financial crisis,  higher ed

Working harder for less

B&W Milk 2

I realise this blog has been a bit whingy of late. This is my last whingy post, after this, sunshine and unicorns, I promise.

I was chatting with (okay, whinging to) a colleague the other day, bemoaning the fact that we all seem to be working much harder, for less impact in higher education. I now regularly work during evenings, weekends and holidays. I don’t recall doing that so often since the days when I was creating T171, our big elearning course, in 1999. Then I was doing that whole “get up at 3am to fix problems” thing, but it was a big deal, it led to the OU becoming an elearning university, 1000s of students and 1,000,000s of pounds. If ever that stuff is worth it, then it felt like this was a case. But now I’m doing near that just to get bids in for smaller amounts, to work on existing research projects, deliver to strategic initiatives, supervise PhD students, write papers, etc. All good stuff, but not life changing. Everything just requires more effort now, for less reward. Research is a good example – it is much more competitive to get a grant, the requirements of submitting a bid (both internally and by the funder) are much more time consuming now, the amounts you get are smaller, and the reporting requirements when you have it much more onerous.

And it occurred to me, mid-whinge, that this is true of every profession – teachers, nurses, doctors, social workers, journalists. All working much harder for less return – often that lower return is financial, but also just in terms of impact. Doing more for less, and doing it more often is the new mantra. In many ways academia has been protected from this trend to a greater extent than many others, so this is not a special plea for sympathy. Rather the question I keep asking, is “how did we get here?” Computers were meant to liberate us all from drudgery. I guess the big suspects are globalisation, neo-liberalism and technology. But even then I don’t think this state of affairs was inevitable. My candidate is post-2008 austerity. Not just in terms of finances, but psychologically and socially. Austerity made crisis the new normal. This created a culture of envy and mistrust. If you or your institution wasn’t operating at the very limits of breaking point then there was slack in the system. And slack was to be eradicated. This created continual downward pressure – in my privileged example, the Government creates pressure on funding bodies to show greater return and demonstrate maximum efficiency; the funding bodies pass this onto grantees in terms of bidding requirements; universities pass it down to PIs and they pass it down to research associates. There was insufficient pressure back up the chain, and each extra cut or requirement is not enough to trigger this.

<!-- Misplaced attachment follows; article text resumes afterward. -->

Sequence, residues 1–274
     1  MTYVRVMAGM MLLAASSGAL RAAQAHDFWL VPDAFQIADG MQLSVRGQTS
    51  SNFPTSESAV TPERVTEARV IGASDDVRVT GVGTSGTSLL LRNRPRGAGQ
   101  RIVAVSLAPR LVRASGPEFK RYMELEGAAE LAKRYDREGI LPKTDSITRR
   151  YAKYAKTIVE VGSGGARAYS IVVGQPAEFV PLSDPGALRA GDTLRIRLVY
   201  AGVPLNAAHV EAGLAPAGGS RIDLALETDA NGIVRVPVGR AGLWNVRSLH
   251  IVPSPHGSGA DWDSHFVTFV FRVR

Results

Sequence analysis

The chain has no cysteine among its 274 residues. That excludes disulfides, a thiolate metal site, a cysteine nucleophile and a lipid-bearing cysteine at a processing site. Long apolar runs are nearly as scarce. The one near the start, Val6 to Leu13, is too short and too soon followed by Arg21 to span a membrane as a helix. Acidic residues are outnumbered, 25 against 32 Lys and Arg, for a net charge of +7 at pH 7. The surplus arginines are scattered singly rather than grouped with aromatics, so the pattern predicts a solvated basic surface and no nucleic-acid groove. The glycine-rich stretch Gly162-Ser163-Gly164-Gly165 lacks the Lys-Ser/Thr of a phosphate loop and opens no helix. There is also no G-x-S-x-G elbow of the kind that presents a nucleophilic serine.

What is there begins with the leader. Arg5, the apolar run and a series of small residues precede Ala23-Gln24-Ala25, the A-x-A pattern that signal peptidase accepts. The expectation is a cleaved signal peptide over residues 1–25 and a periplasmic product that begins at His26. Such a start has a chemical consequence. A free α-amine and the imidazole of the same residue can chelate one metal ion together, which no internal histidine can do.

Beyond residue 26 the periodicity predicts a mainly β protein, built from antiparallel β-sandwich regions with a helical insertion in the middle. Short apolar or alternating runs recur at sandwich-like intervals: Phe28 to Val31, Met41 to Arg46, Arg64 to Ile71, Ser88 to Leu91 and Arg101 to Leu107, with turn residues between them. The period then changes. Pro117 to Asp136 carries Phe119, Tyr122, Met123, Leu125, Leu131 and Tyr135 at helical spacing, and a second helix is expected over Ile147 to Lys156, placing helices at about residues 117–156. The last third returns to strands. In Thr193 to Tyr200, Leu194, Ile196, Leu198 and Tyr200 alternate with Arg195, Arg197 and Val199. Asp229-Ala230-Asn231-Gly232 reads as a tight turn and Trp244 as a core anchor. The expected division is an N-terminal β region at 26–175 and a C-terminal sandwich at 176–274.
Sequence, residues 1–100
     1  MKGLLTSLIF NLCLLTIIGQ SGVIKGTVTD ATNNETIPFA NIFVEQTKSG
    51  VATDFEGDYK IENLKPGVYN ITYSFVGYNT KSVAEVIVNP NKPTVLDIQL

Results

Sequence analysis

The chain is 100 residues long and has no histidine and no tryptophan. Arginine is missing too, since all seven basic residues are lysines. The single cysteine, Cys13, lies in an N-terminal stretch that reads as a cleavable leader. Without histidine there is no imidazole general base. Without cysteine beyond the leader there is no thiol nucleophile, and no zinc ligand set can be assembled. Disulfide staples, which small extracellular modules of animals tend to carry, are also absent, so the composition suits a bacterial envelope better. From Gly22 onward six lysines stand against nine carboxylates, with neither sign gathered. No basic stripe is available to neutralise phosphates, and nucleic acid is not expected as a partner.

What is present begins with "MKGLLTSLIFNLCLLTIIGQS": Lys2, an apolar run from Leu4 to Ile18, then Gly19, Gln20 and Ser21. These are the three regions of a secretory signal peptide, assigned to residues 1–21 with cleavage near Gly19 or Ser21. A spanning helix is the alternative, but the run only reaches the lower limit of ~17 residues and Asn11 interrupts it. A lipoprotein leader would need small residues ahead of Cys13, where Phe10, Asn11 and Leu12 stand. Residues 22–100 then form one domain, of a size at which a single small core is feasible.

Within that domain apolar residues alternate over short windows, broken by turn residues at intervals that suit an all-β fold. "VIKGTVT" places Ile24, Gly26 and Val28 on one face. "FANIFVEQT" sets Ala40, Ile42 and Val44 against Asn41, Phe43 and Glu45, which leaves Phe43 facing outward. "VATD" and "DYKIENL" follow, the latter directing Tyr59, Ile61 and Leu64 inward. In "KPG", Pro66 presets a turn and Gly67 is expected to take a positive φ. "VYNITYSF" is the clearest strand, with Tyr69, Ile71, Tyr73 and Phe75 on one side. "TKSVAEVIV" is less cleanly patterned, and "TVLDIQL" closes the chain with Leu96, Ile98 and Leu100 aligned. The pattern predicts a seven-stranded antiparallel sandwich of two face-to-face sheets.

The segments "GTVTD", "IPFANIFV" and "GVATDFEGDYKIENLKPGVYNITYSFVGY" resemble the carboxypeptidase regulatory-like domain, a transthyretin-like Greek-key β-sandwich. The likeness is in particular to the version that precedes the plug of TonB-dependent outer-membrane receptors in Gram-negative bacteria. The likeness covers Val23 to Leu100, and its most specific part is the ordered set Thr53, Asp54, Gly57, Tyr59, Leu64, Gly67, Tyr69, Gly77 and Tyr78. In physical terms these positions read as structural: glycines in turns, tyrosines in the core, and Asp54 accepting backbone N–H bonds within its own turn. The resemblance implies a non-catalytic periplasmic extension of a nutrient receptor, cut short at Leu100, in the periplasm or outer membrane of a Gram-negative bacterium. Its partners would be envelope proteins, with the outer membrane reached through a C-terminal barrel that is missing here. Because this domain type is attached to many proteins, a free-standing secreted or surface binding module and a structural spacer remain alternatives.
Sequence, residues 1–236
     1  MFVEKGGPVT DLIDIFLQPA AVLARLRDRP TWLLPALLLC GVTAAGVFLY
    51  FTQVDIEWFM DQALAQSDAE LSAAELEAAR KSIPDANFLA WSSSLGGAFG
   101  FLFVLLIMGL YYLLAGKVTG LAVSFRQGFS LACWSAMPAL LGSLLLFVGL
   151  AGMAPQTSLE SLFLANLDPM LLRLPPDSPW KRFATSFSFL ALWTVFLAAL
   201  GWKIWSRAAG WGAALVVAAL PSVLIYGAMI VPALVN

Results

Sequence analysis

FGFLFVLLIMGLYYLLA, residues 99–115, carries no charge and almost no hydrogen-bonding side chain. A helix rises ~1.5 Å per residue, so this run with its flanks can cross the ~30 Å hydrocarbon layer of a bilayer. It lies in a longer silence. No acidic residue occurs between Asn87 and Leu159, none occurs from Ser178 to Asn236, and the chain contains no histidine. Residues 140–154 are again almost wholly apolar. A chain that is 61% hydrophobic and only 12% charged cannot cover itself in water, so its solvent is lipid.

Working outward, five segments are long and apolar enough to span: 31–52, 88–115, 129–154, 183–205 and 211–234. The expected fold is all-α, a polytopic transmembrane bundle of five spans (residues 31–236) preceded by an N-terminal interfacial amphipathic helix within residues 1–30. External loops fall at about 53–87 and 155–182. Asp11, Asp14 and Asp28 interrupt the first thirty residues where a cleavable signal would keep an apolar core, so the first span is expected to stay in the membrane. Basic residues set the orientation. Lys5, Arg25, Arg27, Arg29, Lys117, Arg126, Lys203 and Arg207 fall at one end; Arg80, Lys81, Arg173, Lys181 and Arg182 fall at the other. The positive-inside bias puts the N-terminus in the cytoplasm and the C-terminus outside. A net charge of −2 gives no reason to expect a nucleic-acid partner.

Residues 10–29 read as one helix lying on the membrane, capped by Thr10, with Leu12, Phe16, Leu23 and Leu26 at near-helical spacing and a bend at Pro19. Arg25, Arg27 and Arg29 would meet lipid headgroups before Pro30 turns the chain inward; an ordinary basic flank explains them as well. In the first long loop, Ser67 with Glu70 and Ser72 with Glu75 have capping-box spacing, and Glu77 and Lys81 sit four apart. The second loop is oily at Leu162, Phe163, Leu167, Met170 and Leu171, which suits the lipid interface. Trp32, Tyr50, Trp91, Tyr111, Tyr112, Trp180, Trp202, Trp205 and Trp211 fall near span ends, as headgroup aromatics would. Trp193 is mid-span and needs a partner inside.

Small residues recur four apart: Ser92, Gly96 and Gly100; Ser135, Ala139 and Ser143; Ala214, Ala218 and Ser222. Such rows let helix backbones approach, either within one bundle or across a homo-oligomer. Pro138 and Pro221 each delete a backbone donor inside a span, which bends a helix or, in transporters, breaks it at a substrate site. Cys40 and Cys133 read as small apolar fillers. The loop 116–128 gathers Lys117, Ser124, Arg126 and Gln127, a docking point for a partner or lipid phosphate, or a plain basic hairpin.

That’s my simplistic view of how we got here. What I’m not sure then is how we get out of here, because for all of those professions and more, it doesn’t seem like a sustainable approach.

Now, onto unicorns. Just as soon as I’ve finished writing this bid…


  • Rosie Hare (@RosieHare)

    I don’t know what the answer is, but I suspect part of it is to keep us ‘plebs’ under control and not have too much free time to be particularly critical of the systems and cultures we live in.

    Plus, if everything is hyper-competitive and individualistic, we’re not going to be tempted to join in any of that pesky ‘collective action’.

    Just going to try and dig out my tin-foil hat…let me know when you’ve managed to find a way out! 😉

    • admin

      Comrade! 🙂 Yes there probably is something about keeping us competitive – if you’re not happy to play the game there’s always someone who will

  • mikeyswales

    I would suggest simply refusing to work outside contracted hours and roles, but that will only result in being accused of communism and failing to contribute. Those with their hands on the bank want to keep them there and will happily work everyone else to the bone to do so. Its a dog eat dog Thatcherite dream.

    • admin

      This is a good example Mike – I _should_ say I won’t work weekends, but things like getting bids in means that researchers in my team will continue to have jobs. If I don’t a nd miss the bids, then they’re out of a job. That becomes difficult for me to take a principled stand when it impacts others more (see also PhD students). But you’re right, of we all stopped then there’d be more space.

  • r3becca

    I think I see a space for unicorns in work package 5. Can you just add a full economic costing, justify your use of resources, identify and check with their line managers and check whether the excessive use of rainbows will have health and safety implications within a confined space?

  • Darco

    Are we not too biased towards impact? Winning the lottery with one bid? Is this not the reason why many get frustrated?
    Or is this what mankind drives and we celebrate if just one person we ‘know’ makes great impact.
    But perhaps, on a scale of decades / centuries, we are working less for more (workng hours a week keeps decreasing while wealth in general increases). And if we work less – we have less impact unless our efficiency increases stronger….

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